Friday, 13 July 2012
Yellow Rattle Wildflower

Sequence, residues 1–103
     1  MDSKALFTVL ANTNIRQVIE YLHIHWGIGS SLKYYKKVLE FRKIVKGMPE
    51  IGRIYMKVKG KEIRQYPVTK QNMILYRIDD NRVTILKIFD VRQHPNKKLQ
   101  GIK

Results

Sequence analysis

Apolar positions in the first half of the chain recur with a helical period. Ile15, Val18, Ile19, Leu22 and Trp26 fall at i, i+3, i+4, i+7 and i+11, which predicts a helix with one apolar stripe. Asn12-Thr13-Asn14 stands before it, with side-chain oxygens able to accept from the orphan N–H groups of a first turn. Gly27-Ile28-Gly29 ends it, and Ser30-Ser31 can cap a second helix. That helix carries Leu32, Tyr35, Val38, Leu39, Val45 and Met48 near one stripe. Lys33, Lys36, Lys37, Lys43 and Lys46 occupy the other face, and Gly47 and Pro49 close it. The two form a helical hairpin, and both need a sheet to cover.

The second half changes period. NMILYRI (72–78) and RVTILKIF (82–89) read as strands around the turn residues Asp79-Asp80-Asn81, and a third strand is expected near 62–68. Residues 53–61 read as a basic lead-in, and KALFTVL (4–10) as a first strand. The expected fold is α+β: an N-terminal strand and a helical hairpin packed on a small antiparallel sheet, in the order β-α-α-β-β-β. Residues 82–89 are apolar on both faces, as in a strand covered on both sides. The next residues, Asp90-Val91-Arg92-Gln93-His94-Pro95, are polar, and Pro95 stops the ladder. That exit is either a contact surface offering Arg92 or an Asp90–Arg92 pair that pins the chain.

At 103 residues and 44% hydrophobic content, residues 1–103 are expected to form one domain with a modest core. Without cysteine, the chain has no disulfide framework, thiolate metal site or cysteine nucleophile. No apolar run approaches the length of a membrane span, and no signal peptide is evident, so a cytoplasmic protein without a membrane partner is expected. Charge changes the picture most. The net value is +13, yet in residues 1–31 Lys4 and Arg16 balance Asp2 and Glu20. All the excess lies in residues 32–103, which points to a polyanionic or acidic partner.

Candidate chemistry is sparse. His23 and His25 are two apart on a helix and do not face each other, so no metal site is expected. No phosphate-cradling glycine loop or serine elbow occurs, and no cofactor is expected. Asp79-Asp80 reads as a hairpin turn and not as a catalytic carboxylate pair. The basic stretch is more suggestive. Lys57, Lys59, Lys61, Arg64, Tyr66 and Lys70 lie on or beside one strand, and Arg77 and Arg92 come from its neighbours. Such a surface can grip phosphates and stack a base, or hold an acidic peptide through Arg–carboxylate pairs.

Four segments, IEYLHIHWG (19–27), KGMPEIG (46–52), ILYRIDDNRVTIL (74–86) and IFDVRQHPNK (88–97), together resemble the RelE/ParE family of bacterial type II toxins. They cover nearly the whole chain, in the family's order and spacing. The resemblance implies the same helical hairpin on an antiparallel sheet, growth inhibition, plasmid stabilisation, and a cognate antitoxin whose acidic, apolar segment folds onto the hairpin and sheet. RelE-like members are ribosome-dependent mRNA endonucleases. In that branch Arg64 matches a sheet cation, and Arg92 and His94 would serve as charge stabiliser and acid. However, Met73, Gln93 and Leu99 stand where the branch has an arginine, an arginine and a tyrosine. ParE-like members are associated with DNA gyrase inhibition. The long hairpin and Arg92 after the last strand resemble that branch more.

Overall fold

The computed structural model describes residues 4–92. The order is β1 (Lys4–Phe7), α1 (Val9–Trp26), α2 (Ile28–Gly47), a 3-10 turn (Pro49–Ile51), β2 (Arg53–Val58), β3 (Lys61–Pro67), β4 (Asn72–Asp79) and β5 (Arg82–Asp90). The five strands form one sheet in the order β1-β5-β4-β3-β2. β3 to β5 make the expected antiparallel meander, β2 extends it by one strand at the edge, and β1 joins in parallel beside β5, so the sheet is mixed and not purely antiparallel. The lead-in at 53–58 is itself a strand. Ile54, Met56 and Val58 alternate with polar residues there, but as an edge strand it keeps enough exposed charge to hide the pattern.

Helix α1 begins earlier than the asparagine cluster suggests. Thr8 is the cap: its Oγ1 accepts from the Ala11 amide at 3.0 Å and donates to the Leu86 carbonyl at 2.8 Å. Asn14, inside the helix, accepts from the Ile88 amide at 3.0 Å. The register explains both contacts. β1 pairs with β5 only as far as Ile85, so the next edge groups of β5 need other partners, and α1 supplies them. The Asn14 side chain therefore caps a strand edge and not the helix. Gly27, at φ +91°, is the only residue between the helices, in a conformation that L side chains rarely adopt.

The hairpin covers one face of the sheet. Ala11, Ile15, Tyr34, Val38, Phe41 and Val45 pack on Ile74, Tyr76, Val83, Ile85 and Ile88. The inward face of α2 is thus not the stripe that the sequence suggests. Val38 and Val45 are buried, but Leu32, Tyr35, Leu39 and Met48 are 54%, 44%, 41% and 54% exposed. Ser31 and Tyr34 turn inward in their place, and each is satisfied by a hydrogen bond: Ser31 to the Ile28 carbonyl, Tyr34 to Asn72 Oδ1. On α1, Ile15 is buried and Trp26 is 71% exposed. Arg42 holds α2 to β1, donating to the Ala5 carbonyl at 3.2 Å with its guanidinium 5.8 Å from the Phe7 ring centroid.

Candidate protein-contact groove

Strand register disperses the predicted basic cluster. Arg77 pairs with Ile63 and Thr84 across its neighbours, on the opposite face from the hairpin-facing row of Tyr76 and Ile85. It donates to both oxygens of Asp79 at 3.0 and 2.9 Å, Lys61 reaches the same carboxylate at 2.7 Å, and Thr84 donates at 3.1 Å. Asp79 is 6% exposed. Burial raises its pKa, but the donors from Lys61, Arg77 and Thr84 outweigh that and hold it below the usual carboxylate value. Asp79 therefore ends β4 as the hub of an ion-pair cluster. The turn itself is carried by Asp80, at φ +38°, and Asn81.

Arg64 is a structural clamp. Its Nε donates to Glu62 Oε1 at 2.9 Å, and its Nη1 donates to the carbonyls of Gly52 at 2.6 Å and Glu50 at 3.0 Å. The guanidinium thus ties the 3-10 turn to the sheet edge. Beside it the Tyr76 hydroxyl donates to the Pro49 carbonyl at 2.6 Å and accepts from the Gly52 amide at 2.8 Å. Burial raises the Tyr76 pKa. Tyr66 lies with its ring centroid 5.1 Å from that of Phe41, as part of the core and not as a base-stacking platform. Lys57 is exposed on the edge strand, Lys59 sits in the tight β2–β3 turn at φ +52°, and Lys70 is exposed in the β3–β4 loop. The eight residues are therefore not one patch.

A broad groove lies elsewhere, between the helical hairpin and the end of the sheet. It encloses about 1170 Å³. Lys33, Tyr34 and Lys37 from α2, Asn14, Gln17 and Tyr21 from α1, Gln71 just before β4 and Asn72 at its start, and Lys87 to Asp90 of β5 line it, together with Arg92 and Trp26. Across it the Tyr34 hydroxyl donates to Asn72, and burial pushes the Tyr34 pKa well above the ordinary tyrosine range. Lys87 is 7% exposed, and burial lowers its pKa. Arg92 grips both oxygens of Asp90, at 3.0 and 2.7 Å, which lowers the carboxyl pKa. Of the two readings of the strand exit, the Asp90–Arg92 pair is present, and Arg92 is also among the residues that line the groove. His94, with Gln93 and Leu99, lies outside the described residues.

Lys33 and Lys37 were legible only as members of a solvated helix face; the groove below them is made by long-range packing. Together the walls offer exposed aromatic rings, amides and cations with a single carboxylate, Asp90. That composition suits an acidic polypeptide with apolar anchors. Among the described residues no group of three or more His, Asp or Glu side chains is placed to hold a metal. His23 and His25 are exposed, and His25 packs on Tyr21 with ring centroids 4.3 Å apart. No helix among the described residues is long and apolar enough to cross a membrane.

Yellow rattle is a semi-parasitic wildflower that is used to inhibit the growth of grass on order to allow other species to thrive. It feeds of the grass roots and is helpful when beginning to create a wildflower area where grass was the main plant growing. Yellow rattle must be sown in the autumn as it needs the cold winter weather to trigger its germination in late February to early March. To sow. Mow the grass short and 'scarify' the ground by ripping through parts of the ground with a claw fork (or similar tool). You will need between 0.1 and 1 g of seed per m2 (our packs are 1g) depending on how dense you want the yellow rattle. For best results you can sow two years in a row. Yellow rattle may need managing as it can feed off the roots of other plants; in this case, remove plants before they seed (being an annual it is quite easy to manage this plant).